Have you ever had a student that you didn't connect with? A child that seemed to do the opposite of any suggestion that was made? A child that lived by another set of rules instead of the class rules?
Students come in all shapes, sizes, colors, experiences and personalities. Every now and then, there will be one student that remains a puzzle throughout the entire year. Despite your best efforts, day after day, you are seldom on the same page. It's not that he doesn't learn and progress. It just that you've never clicked on that deeper level that you do with most of your students. Fortunately, this has only happened to me a few times in my years of teaching Kindergarten. Yet one thing that I've discovered, I can still make a huge difference for that child, helping to pave the way after they leave my classroom.
The first thing I do is to talk with this child's first-grade teacher before school even begins. I always make sure I share a list of positive things about the student. I do relay a bit of information about some of our struggles, but I always end with, "I know he is in good hands now. You're the best choice for his teacher and I'm sure you will work your magic on him."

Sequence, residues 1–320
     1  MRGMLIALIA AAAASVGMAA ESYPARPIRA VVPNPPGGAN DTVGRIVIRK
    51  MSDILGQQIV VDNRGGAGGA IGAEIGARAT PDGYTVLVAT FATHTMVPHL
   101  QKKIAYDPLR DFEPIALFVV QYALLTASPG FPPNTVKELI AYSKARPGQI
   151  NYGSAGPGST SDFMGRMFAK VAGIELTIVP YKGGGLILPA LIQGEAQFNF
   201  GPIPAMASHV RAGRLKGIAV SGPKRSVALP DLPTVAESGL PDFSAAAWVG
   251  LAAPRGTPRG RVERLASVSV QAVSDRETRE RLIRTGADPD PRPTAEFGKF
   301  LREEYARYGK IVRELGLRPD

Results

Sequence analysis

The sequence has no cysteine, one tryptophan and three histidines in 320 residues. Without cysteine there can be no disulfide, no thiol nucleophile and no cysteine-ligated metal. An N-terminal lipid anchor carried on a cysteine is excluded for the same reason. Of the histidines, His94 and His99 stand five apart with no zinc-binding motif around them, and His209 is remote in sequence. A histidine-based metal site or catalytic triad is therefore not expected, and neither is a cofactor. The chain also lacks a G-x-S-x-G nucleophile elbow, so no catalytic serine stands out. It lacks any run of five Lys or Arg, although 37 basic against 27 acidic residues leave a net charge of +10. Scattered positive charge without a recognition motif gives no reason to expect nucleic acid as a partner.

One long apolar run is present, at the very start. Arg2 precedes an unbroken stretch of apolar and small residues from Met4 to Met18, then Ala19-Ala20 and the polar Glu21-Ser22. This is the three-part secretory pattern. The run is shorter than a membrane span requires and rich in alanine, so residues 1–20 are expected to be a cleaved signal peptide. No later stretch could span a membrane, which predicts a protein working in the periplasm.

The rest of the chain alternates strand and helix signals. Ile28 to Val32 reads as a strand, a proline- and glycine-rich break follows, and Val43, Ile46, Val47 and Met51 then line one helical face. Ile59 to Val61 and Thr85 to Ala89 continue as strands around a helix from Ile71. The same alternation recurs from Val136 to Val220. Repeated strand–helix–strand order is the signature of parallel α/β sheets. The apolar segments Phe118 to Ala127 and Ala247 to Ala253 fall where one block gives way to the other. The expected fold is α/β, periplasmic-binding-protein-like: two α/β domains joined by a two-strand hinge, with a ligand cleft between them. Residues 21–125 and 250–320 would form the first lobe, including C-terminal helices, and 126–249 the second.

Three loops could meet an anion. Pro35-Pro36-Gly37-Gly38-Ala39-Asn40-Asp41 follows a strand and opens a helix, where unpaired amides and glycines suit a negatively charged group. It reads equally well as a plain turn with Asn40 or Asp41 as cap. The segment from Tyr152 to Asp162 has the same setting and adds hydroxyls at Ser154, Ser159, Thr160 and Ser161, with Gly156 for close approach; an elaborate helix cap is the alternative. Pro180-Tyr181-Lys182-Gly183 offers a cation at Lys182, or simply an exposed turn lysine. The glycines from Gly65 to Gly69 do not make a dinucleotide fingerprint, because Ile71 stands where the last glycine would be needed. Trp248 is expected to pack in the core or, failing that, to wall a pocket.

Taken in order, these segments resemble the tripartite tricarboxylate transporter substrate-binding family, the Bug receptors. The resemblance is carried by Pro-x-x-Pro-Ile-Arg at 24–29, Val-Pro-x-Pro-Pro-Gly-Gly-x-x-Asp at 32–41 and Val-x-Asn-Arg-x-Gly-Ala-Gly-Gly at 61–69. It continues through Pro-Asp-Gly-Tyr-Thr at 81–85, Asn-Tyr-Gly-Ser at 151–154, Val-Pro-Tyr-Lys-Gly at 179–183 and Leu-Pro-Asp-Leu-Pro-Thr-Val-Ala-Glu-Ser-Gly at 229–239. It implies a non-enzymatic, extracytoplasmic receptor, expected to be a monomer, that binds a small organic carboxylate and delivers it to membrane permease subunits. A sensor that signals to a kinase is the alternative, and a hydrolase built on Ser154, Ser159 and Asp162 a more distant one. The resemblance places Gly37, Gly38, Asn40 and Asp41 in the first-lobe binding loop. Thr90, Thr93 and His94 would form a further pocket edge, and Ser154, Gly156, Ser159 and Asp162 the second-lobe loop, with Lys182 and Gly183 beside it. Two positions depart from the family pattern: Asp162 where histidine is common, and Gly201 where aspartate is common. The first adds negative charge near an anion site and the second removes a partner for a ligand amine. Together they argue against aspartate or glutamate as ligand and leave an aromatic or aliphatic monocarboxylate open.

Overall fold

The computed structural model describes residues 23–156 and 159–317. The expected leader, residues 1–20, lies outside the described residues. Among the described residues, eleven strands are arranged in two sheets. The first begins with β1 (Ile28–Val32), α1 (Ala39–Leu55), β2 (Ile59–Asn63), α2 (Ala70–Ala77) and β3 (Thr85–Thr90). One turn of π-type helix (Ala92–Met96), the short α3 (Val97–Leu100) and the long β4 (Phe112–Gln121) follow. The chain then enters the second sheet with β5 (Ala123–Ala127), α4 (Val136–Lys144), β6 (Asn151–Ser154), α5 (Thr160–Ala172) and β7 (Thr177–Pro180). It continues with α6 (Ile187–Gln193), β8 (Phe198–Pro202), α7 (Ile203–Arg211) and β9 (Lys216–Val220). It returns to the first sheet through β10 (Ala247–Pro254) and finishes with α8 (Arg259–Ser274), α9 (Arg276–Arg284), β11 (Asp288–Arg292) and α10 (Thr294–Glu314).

The next opportunity comes when I see this child in the hallway. I quickly tell him that I have talked with his new teacher. I tell him one or two of those positive things I have shared, then I smile and walk off.
Periodically, I check-in with the teacher to see how things are going. I ask her to give me an example of something that's going well with the student. Next time I see him in the hallway, I'll tell him that his teacher told me he was really good at ___ Then I smile and walk off.
Every time I see him in the hallway I smile and say, "It's good to see you" or "I miss you, wish you were still in Kindergarten."
Since we have back-to-back recesses with his first grade, sometimes I see him standing on a "time-away-to-think-about-your choices" dot. As I'm walking my class back inside, I'll just lean over and whisper, "Tomorrow will be a better day." I pat him on the back, smile and keep walking.
Before you know it, he's calling my name in the hallway, just to wave at me. What do you know, we've become "waving buddies."
I've discovered that even though our year together was at times rocky, I can forge a different relationship with him now. I can enjoy being someone "in his corner." It's easy to smile and wave. After all, I am the only Kindergarten teacher he will ever have. I really am a forever teacher.